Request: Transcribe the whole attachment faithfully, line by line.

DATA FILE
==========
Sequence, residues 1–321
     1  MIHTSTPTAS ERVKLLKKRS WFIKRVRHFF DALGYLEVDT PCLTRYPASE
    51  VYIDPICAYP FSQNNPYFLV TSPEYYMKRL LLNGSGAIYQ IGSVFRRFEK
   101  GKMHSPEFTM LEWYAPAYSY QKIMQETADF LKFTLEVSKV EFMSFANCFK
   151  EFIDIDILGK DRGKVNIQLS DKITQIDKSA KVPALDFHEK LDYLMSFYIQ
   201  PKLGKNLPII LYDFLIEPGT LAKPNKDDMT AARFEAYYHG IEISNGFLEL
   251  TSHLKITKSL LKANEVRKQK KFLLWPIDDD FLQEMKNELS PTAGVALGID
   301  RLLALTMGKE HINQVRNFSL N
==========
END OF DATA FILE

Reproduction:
Sequence, residues 1–321
     1  MIHTSTPTAS ERVKLLKKRS WFIKRVRHFF DALGYLEVDT PCLTRYPASE
    51  VYIDPICAYP FSQNNPYFLV TSPEYYMKRL LLNGSGAIYQ IGSVFRRFEK
   101  GKMHSPEFTM LEWYAPAYSY QKIMQETADF LKFTLEVSKV EFMSFANCFK
   151  EFIDIDILGK DRGKVNIQLS DKITQIDKSA KVPALDFHEK LDYLMSFYIQ
   201  PKLGKNLPII LYDFLIEPGT LAKPNKDDMT AARFEAYYHG IEISNGFLEL
   251  TSHLKITKSL LKANEVRKQK KFLLWPIDDD FLQEMKNELS PTAGVALGID
   301  RLLALTMGKE HINQVRNFSL N